Through our On-The-Job Training Program we have seen scores of people with a variety of disabilities come and go here at Mays Mission while others have chosen to stay with us. It’s heartwarming to know that some have bought their own homes, learned to drive and purchased automobiles, while some have moved on to bigger and better opportunities. Seeing people succeed and become more independent where at one time hope seemed lost is an indescribable feeling. This On-The-Job Training Program is only possible because of the kind hearts of our donors.

For over fifty years now here at Mays Mission we have had one goal: to aid and assist people with disabilities. Won’t you please join us?  Call us at 1-888-503-7955, email us at or message us on Facebook or Instagram to learn more about our programs and see how you can be an advocate for people with disabilities. We have brochures produced by individuals with disabilities we can send you free of charge to share in your community. And we accept donations through Paypal, just click the donate button here on our website. Thank you so much for your help in our mission of over 50 years of serving the disabled!


Total eclipse at Mays Mission

On the afternoon of April the 8th, Mays Mission employees were treated with a chance to see the solar eclipse. Here in Arkansas we were fortunate enough to be in the direct path of totality and employees took a few minutes to witness this natural phenomenon with special glasses provided to us by our local Chamber Of Commerce here in Heber Springs.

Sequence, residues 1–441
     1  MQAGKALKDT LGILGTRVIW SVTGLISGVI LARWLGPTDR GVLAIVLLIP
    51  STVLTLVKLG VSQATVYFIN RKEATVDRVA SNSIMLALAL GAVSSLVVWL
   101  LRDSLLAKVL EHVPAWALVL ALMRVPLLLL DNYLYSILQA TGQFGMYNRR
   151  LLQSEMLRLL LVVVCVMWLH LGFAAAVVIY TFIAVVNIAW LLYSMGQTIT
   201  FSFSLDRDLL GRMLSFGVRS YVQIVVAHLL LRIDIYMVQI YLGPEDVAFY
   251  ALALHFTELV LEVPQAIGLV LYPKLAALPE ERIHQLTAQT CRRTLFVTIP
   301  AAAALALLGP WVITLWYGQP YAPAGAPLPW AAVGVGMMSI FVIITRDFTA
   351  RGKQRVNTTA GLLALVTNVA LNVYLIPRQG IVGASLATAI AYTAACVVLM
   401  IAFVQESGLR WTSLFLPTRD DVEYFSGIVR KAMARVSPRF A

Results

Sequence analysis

At around 1:55 PM the moon had traveled directly in front of the sun and we got to see this incredibly rare moment. It was dark enough some stars were visible in the sky and God blessed us with beautiful weather and a clear sky to experience this rare event. Such an event is rare enough there won’t be another in North America until 2044.

Thanks for supporting May Mission for the Handicapped. If you would like to help us advocate on behalf of individuals with disabilities in your community we have brochures we can provide you with free of charge. These brochures were produced by individuals with disabilities here at Mays Mission.